Two-step CFAR detector with conditional PDF LRT based on NP criterion

Figure7: Joint PDF of the two hypotheses and the threshold curves of ATI detectors forn=10, CNR=10 dB, SCR=0 dB,Pfa=1e−5,

Φv=1 rad. (two-step CFAR with conditional PDF, 2D CFAR with joint PDF, and LRT based on NP criterion).

test can be exploited to maximize thePdwith constantPfaas follows,

Λ2D

η= f

η|H1

|H0

= fc+m

η

fc

η

= C

fc

η> γ, γ >0,

(10)

where C is a constant and γ is the detection threshold. Equation (10) can be simplified as constant-density contour lines on the magnitude-phase plane

fc

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−10 −5 0 5 10 SCR (dB)

0 0.2 0.4 0.6 0.8 1

Pd

n=10 CNR=5 dB Φv=1.5 rad Pfa=1e−005

Two-step CFAR detector with conditional PDF (center point) Two-step CFAR detector with marginal PDFs (center point) Two-step CFAR detector with conditional PDF (maximumPd) Two-step CFAR detector with marginal PDFs (maximumPd) 2-D CFAR detector with joint PDF

LRT based on NP criterion (a)

5 0 5 10 15

CNR (dB) 0

0.2 0.4 0.6 0.8 1

Pd

n=10 SCR= −3 dB Φv=1.5 rad Pfa=1e−005

Two-step CFAR detector with conditional PDF (center point) Two-step CFAR detector with marginal PDFs (center point) Two-step CFAR detector with conditional PDF (maximumPd) Two-step CFAR detector with marginal PDFs (maximumPd) 2-D CFAR detector with joint PDF

LRT based on NP criterion (b)

Figure8:Pdof ATI detectors versus SCR and CNR forn=10,Pfa=1e−5, andΦv =1.5 rad, (two-step CFAR detector with conditional

PDF (center point/maximumPd), two-step CFAR detector with marginal PDFs (center point/maximumPd), 2D CFAR detector with joint

PDF, and LRT based on NP criterion). (a) CNR=5 dB; (b) SCR=0 dB.

1025 1020 1015 1010 105 100

Pfa

0 0.2 0.4 0.6 0.8 1

Pd

n=10 CNR=0 dB Φv=1 rad

One-step CFAR detector withΦ, SCR=0 dB

Two-step CFAR detector with conditional PDF, SCR=0 dB Two-step CFAR detector with marginal PDF, SCR=0 dB 2-D CFAR detector with joint PDF, SCR=0 dB LRT based on NP criterion, SCR=0 dB One-step CFAR detector withΦ, SCR=5 dB

Two-step CFAR detector with conditional PDF, SCR=5 dB Two-step CFAR detector with marginal PDF, SCR=5 dB 2-D CFAR detector with joint PDF, SCR=5 dB LRT based on NP criterion, SCR=5 dB

(a)

1025 1020 1015 1010 105 100

Pfa

0 0.2 0.4 0.6 0.8 1

Pd

n=10 SCR=0 dB Φv=1 rad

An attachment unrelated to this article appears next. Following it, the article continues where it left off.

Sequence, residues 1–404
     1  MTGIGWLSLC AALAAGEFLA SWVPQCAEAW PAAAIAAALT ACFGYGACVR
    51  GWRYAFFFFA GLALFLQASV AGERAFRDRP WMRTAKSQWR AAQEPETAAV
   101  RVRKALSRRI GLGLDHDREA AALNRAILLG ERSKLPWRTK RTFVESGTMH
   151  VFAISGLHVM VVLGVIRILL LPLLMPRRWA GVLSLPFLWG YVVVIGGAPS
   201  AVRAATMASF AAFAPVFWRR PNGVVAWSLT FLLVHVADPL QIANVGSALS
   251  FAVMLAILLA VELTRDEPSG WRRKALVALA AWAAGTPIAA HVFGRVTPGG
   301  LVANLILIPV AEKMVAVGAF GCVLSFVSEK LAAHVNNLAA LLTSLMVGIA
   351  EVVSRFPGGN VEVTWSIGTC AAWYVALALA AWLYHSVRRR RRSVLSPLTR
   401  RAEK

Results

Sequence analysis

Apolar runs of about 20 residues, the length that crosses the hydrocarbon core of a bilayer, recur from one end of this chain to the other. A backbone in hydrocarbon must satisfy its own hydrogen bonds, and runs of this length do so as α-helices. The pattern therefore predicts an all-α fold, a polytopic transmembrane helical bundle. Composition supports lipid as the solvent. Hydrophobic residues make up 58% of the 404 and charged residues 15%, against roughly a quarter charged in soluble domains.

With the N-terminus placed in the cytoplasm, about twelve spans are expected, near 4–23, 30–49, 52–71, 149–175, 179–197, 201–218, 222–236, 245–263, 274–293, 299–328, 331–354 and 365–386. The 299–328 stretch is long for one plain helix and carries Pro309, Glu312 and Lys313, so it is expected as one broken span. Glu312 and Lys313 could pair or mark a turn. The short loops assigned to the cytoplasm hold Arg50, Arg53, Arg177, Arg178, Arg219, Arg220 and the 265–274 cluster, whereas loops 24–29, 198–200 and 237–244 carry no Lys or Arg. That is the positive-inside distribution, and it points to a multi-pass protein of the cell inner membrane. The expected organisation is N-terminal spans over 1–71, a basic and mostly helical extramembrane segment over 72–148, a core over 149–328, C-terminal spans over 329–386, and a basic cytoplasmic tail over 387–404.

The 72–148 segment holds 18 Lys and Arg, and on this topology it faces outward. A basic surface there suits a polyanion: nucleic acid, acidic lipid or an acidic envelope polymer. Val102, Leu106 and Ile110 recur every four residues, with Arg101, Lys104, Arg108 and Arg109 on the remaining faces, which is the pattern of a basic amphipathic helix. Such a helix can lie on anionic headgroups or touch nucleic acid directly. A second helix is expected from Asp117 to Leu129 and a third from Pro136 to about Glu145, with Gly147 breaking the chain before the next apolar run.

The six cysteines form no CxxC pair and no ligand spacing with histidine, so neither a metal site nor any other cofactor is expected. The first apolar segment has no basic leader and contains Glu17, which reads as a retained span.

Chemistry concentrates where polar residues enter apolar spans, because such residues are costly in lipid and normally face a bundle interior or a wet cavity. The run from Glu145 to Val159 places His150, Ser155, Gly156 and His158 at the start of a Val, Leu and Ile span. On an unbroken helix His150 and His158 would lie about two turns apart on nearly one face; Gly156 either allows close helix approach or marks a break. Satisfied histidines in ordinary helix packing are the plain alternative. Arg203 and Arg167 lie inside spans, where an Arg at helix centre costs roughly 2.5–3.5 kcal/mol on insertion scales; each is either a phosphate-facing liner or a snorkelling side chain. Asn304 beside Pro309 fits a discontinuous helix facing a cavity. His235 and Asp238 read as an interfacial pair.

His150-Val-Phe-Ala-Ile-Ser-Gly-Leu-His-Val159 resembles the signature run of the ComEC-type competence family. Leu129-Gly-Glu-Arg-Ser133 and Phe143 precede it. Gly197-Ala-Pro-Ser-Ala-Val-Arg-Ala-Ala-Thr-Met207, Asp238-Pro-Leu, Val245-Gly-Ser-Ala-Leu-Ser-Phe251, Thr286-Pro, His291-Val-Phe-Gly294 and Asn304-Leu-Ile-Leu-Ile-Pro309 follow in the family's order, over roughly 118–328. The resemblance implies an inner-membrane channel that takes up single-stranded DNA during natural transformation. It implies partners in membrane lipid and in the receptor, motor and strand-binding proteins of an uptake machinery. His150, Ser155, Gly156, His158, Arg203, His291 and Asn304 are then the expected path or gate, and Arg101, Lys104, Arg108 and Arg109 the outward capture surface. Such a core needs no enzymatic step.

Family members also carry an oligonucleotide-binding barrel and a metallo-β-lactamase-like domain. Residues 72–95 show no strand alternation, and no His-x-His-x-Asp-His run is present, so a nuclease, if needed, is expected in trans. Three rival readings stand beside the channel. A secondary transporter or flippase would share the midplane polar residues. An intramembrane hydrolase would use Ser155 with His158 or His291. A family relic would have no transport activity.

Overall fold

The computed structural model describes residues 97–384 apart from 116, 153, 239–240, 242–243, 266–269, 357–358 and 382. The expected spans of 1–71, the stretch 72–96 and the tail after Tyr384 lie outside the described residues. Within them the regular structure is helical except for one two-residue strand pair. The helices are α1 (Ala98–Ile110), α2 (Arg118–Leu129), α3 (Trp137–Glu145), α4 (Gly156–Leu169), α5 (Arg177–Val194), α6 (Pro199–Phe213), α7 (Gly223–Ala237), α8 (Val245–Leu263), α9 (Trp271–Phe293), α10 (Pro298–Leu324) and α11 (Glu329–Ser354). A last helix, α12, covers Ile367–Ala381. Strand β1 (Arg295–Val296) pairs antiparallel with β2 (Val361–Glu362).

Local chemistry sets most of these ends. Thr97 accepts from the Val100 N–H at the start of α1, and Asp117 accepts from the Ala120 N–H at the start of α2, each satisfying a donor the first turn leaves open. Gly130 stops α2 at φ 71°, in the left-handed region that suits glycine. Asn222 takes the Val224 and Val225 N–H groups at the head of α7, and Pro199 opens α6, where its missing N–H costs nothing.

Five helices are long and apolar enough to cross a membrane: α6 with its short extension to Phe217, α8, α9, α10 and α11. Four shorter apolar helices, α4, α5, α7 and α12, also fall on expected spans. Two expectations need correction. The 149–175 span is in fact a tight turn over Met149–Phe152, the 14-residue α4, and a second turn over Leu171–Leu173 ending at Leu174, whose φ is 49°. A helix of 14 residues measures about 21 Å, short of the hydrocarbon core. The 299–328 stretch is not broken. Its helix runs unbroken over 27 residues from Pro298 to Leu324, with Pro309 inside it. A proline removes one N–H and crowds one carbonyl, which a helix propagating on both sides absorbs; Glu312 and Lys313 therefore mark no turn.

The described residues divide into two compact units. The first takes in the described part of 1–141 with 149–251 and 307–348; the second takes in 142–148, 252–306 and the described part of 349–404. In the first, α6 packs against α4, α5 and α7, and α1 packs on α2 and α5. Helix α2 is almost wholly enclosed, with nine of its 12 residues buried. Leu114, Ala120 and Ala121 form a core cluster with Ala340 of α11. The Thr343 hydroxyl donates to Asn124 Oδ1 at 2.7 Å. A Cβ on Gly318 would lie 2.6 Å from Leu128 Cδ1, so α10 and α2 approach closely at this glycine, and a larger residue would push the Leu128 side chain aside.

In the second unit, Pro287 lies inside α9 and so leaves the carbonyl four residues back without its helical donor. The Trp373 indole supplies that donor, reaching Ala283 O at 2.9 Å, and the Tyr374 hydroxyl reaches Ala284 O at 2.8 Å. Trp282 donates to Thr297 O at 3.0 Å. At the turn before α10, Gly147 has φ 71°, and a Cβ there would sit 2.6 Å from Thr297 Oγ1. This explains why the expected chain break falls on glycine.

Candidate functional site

One-step CFAR detector withΦ, CNR=0 dB

Two-step CFAR detector with conditional PDF, CNRR=0 dB Two-step CFAR detector with marginal PDF, CNR=0 dB 2-D CFAR detector with joint PDF, CNR=0 dB LRT based on NP criterion, CNR=0 dB One-step CFAR detector withΦ, CNR=10 dB

Two-step CFAR detector with conditional PDF, CNR=10 dB Two-step CFAR detector with marginal PDF, CNR=10 dB 2-D CFAR detector with joint PDF, CNR=10 dB LRT based on NP criterion, CNR=10 dB

(b)

Figure9: Performance of ATI detectors for SCRs and CNRs,n=10,Φv =1 rad (one-step CFAR detector with, two-step CFAR detector

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0 5 10 15 20 25 30 Radial velocity

0 0.2 0.4 0.6 0.8 1

Pd

n=10 SCR=0 dB Pfa=1e−005

One-step CFAR detector withΦ, CNR=10 dB

Two-step CFAR detector with marginal PDFs, CNR=10 dB Two-step CFAR detector with conditional PDF, CNR=10 dB 2-D CFAR detector with joint PDF, CNR=10 dB

LRT based on NP criterion, CNR=10 dB One-step CFAR detector withΦ, CNR=5 dB

Two-step CFAR detector with marginal PDFs, CNR=5 dB Two-step CFAR detector with conditional PDF, CNR=5 dB 2-D CFAR detector with joint PDF, CNR=5 dB

LRT based on NP criterion

Figure 10:Pd of ATI detectors versus radial velocity of moving

target forn = 10, Pfa = 1e−5 (two-step CFAR detector with

conditional PDF (center point/maximum Pd), two-step CFAR

detector with marginal PDFs (center point/maximum Pd), 2D

CFAR detector with joint PDF, and LRT based on NP criterion). SCR=0 dB; CNR=10, 5 dB.

The thresholdsγ,γare determined by thePfa:

Pfa=

Λ2D(η,Φ)

fc

ηdηdΦ

=

fc(η,Φ)

fc

ηdηdΦ=α.

(12)

Pd is simply the integral of the “Clutter plus moving target” PDF over the area where fc(η,Φ)< γ. The above threshold curve is also plotted in Figure 7 with parameters given in Section 3.2.

3.4. The Likelihood Ratio Test Based on NP Criterion. In (4), the two target parametersΦv andδ (SCR) cannot be estimated directly from the interferometry data. However, because of the Doppler frequency shift between moving tar-get and the clutter, the imaging results of the moving tartar-gets shift in the azimuth direction with respect to stationary scatter. Then, the target phase ψ caused by its cross-track motion can be expressed as